Breast cancer exam.

A study published today in the British Journal of General Practice found women with breast pain alone were no more likely to receive a diagnosis of breast cancer than women with no symptoms.

Each year more than 700,000 women are referred to NHS breast clinics in England, with almost a 100% increase in referrals over the past 10 years.

This study backs up other research suggesting that women with breast pain, but no other symptoms, aren’t more likely to be diagnosed with cancer than those having breast screening which is designed for people who don’t have any symptoms.

– Karis Betts, health information manager at Cancer Research UK

Results from the study

The latest study gathered data from 10,830 symptomatic women who were presenting to a large breast cancer diagnostic clinic between 1 April 2019 and 31 March 2020.

The team compared each case for referral reason to clinical outcome.

Although the study looked at a total 10,830 women, only 1,972 of these people were referred to the clinic with pain in the breast as the only symptom. This is still a relatively small group. Men, though it is very rare, can also get breast cancer but are not represented in this cohort study.

The results found that the incidence of breast cancer in the group of women referred with breast pain alone was no higher than women having breast screening, which is designed to detect cancer in people who don’t have symptoms.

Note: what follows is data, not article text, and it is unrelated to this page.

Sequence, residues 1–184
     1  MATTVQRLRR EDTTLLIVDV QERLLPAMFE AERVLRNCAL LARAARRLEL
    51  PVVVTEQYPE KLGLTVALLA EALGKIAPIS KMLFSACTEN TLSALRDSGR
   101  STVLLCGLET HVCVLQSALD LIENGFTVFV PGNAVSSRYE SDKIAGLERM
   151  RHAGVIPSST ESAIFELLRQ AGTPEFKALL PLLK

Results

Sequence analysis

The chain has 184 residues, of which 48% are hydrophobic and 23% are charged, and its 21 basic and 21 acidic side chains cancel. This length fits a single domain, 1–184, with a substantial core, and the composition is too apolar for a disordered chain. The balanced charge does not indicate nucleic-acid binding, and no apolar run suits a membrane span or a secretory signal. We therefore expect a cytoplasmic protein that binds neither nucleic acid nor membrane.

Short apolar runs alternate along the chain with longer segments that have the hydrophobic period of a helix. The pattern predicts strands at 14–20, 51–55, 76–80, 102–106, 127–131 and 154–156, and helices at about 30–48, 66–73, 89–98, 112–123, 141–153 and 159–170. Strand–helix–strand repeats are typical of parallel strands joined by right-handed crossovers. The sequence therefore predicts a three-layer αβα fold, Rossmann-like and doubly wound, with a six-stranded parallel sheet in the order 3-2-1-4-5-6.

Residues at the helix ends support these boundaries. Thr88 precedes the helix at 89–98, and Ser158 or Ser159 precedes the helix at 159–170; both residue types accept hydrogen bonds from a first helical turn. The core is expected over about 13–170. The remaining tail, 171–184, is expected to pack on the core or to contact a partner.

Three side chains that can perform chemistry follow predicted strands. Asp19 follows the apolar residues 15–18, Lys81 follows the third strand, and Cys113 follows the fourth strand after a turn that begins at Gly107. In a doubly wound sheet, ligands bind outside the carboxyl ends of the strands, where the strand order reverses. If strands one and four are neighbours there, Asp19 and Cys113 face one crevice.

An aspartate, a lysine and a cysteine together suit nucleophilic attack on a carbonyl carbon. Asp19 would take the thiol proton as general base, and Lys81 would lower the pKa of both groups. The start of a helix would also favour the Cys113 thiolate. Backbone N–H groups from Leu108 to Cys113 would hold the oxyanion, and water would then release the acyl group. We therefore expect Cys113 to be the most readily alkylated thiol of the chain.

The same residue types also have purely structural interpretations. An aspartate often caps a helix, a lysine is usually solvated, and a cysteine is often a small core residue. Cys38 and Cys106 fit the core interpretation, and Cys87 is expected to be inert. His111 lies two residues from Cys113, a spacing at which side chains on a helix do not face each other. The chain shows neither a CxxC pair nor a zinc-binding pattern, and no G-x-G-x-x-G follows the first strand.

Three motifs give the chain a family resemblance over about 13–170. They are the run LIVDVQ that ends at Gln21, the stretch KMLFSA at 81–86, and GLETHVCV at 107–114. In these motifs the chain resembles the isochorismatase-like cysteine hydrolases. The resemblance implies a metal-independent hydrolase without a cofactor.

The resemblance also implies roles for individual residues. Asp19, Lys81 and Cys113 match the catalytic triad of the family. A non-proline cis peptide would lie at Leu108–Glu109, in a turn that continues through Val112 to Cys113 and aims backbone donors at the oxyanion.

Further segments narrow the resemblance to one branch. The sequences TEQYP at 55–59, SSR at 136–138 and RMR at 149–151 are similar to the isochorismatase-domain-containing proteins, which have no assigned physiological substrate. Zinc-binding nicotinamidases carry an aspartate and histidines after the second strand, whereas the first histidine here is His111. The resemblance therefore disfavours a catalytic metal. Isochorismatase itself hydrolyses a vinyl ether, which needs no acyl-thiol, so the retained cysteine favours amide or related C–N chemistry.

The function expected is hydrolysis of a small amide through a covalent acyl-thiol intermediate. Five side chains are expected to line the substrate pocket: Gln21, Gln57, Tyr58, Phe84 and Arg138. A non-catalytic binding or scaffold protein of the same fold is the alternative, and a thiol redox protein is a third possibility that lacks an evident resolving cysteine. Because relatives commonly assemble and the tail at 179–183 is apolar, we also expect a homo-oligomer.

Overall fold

However, these findings provide further evidence to substantiate current NICE guidelines that breast pain alone is not a reason for a suspected cancer referral.

What does this mean if you have breast pain?

Breast pain is very common, but it’s not normally due to cancer. You might get pain in one or both breasts for a while, which goes after a time. There might be no obvious reason for this pain, even if you have a lot of tests.

This paper advocates that people with breast pain require appropriate care to relieve breast pain symptoms, outside of the cancer pathway. Redirecting those with breast pain alone away from secondary care to more appropriate care pathways will create extra capacity within breast cancer diagnostic clinics for people with ‘red-flag’ symptoms that have a stronger link to breast cancer.

“These findings don’t mean that people should ignore breast pain. Though breast pain alone is unlikely to be a sign of cancer, breast pain with other symptoms can be sign of cancer still and whether it’s cancer or not, tests or treatment might be needed,” says Betts. “There are lots of signs and symptoms of breast cancer, but you don’t need to remember them all. Instead, it’s important to know what’s normal for you and tell your doctor if you notice any unusual changes.”